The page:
Geef om onderzoek naar klimaatverandering

from €25,000 (0%)

Wereldwijd zijn mensen afhankelijk van water uit de bergen en daarom is het zo belangrijk om te begrijpen hoe het klimaat hoog in de bergen verandert. Want gletsjers smelten en we krijgen vaker te maken met overstromingen en aardverschuivingen. De UU doet onderzoek in de Himalaya naar klimaatverandering. Het valt niet mee om op grote hoogte metingen uit te voeren. Maar met behulp van kleine weerstations lukt het toch de gegevens te verzamelen. Help ons en doneer een weerstation.

Het Utrechts Universiteitsfonds selecteert elk jaar 4 projecten voor de Doorgeven campagne. Dit jaar is onderzoek naar klimaatverandering in de Himalaya een van de geselecteerde projecten.  
De andere 3 projecten zijn:
Onderzoek naar chronische pijn
Geef om educatie over biodiversiteit
Onderzoek naar chronische pijn.

Meer informatie vind je op www.uu.nl/doorgeven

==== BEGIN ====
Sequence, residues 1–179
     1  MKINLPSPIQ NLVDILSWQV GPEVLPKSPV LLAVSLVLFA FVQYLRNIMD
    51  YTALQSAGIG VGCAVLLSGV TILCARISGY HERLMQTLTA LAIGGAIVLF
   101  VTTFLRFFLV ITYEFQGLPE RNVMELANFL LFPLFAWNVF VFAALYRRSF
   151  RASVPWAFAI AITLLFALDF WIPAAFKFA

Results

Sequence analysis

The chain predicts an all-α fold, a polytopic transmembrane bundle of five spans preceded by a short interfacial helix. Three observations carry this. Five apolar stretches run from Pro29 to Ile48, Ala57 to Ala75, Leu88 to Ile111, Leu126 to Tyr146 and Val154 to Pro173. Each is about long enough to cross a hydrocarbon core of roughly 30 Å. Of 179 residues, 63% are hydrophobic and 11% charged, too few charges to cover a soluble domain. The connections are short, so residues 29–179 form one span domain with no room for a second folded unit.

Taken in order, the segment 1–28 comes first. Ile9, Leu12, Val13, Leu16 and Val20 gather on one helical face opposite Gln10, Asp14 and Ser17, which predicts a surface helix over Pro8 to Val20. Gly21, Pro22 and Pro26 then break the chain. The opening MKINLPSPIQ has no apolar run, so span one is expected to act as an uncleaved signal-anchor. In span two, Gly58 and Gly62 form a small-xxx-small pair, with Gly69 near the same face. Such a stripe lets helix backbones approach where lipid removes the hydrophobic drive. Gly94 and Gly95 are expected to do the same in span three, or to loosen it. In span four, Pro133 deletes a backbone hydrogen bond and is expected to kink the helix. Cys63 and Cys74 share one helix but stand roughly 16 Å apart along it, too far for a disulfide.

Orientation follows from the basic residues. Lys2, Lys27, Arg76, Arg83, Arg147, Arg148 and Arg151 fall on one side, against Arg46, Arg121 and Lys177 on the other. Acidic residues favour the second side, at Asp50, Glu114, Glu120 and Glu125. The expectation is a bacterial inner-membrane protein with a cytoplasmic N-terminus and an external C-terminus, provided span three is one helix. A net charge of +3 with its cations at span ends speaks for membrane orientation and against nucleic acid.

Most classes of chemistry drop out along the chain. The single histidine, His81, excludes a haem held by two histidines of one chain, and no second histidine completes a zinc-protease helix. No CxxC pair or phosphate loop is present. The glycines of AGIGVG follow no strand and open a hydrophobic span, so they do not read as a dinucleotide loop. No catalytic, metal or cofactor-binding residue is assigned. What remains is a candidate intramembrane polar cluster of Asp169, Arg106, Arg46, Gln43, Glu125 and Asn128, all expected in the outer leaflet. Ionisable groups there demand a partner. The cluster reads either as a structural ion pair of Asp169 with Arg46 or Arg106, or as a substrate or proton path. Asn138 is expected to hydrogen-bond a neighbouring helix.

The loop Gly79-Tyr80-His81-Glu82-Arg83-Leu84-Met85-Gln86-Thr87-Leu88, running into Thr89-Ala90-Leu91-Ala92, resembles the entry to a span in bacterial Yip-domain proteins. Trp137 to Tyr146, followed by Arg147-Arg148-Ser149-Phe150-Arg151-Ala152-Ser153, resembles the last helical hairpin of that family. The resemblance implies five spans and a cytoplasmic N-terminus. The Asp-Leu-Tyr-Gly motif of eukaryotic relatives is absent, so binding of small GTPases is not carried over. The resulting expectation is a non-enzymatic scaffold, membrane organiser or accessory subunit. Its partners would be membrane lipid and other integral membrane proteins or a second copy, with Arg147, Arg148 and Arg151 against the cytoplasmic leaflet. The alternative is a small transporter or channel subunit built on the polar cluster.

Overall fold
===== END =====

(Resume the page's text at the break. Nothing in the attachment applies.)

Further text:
Professor W.W. (Walter) Immerzeel has twenty years’ experience in geo-informatics, water resource management and climate change and is skilled in hydro-meteorological monitoring, the use of remote sensing, simulation models and spatial analysis and he has been doing research on Himalayan hydrology since 2002. He holds a PhD degree in physical geography from Utrecht University and he is a leading scientist on the interface of mountain hydrology, climate change and agriculture, with a particular focus on the Himalaya. He has worked in the Netherlands as well as in numerous developing countries and he has a large international network. He worked at International Centre for Integrated Mountain Development (ICIMOD) in Nepal for two years, was postdoc at ETH Zurich and was associated to the research and consulting firm FutureWater from 2005 to 2015. He has been awarded several prestigious personal grants: NWO-VENI (2011), ERC Starting Grant (2015) and NWO-VIDI (2016) for his pioneering Himalayan research. In 2017 he was awarded the Boussinesque Prize for Hydrology and in 2018 he received the prestigious James B. Macelwane medal and became a fellow of the American Geophysical Union. He currently works as Professor Mountain Hydrology at Utrecht University where he is leading a number of projects on the cutting edge of climate change, glaciology and hydrology, is organizing research expeditions to the Himalayas and is responsible for teaching several courses in the curriculum of the Geosciences faculty.

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